After ten years of pharmaceutical industry sponsored drug development and despite promising pre-clinical data, most of the clinical trials of these agents have failed to show any significant improvement in patient outcome (Narayan 2002). Many researchers feel a significant cause underlying this lack of success is the poor resolution of paper based methods for detection of adverse events and poor methods for monitoring of and controlling for protocol violations and medication errors. These limitations combine to make it difficult to detect small but clinically important treatment effects in the general noise of the brain injured patient management environment. The poor success rate of TBI clinical trials combined with the high cost to the pharmaceutical industry to conduct phase III trials in brain injury has, in recent years, caused a reluctance of the pharmaceutical industry to bring forward promising compounds to clinical trial in the field of brain injury. The high cost of conducting clinical trials is due in large part for the need to hire specially trained staff to collect and validate data. If technical solutions could be developed to reduce, even partially, the need for human resources in the data collection/validation process, potentially enormous savings could be made by these organisations. These efficiencies would ensure the organisations’ longer term sustainability, and the lower running costs would reduce the cost of service delivery. Above all, this would improve the overall patient care.

This chapter focuses upon how Grid based infrastructures can help to address these issues. We focus in particular on the aspects of usability and security of Grid based e-Infrastructures and illustrate with examples from a range of projects at the National e-Science Centre at the University of Glasgow, how the vision of the Grid in providing seamless access to a range of heterogeneous resources (such as a variety of neurological data resources) can be undertaken in a secure, ethical framework where information governance and associated policy is paramount.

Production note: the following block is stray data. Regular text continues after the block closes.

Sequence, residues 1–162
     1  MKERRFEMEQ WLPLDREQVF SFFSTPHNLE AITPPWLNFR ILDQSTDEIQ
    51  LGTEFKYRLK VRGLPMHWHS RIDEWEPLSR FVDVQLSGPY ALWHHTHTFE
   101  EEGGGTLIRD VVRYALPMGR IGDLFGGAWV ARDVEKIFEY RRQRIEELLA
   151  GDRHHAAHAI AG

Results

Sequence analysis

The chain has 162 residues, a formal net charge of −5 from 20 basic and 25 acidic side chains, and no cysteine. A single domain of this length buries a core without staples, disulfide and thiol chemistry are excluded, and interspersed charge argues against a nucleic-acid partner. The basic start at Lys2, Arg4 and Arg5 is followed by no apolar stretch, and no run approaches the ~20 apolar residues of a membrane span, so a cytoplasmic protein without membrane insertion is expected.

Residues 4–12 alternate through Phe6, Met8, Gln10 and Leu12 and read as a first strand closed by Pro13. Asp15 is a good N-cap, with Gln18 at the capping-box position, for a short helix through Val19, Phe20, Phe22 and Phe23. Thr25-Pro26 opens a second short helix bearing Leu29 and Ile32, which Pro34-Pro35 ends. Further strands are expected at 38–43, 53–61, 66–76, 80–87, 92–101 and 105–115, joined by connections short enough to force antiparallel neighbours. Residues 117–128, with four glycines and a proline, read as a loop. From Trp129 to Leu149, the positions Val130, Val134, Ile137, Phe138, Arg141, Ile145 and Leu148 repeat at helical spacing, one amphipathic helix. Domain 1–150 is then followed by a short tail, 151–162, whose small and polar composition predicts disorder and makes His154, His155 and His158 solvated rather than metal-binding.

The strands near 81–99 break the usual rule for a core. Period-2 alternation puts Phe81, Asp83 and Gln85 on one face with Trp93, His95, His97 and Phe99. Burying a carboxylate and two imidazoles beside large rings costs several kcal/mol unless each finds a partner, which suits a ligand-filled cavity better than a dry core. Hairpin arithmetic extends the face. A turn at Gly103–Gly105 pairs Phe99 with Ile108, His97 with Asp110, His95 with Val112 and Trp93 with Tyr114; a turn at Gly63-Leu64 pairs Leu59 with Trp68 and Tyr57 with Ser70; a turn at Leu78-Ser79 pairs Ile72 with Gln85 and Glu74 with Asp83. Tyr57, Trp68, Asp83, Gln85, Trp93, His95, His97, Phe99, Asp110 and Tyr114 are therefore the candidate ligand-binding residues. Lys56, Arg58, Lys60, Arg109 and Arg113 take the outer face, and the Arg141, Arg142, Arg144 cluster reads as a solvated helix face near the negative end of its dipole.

Key Terms in this Chapter

Authorisation: The process of restricting access to resources only to those permitted to use them. In the security domain this will typically entail the definition of security policies associated with resources, the assignment of privileges to individuals that should be able to access those resources and the subsequent enactment of those policies when requests for access are received by individuals. Standards have been identified to support both the definition of policies, where access decisions need to be enforced, and how such decisions are made. Authorisation typically augments authentication and allows finer grained access control to be supported.

Hypotension: Abnormally low blood pressure which can be especially dangerous for brain injury patients.

Single Sign-On: The ability to securely access and use a variety of distributed resources without the need for multiple usernames/passwords or authentication challenge/responses. In the Grid world this is typically achived through trust of the CA that issued the certificate and local policy on whether that individual with that certificate is allowed access. For many Grids, this can be through a mapping of the Distinguished Name associated with the certificate to a local system account.

Registration Authority (RA): Typically an individual at an institution that supports the processes required by a CA to verify the identity of individuals applying for digital certificates. Typically this is through the certificate requestor presenting in person a visual identity such as a passport or student matriculation card to the RA.

Glasgow Coma Score (GCS): Widely used clinical score assessing brain stem function following a suspected brain injury.

Authentication: The act of establishing or confirming something or someone as authentic. In the security domain this might for example involve electronically confirming the identity of a person wishing to access a given software or hardware resource. Authentication can be achieved in many ways, e.g. usernames/passwords, certificate based systems etc.

Pressor: Pharmacological agent which acts to increase the work of the heart and often includes actions on increasing systemic vascular resistance towards raising blood pressure when hypotensive.

Certificate Authority (CA): An entity which issues digital certificates for use by other parties (including individuals and computers). Through trusting a CA and the process by which it issues and revokes certificates, the certificates can be used for accessing multiple resources seamlessly to support one of the basic tenets of Grid: single sign-on.

Adverse Hypotensive Event: Hypotension lasting 5 minutes or longer falling below the commonly accepted threshold of 90 mmHg systolic OR 70 mmHg mean pressure.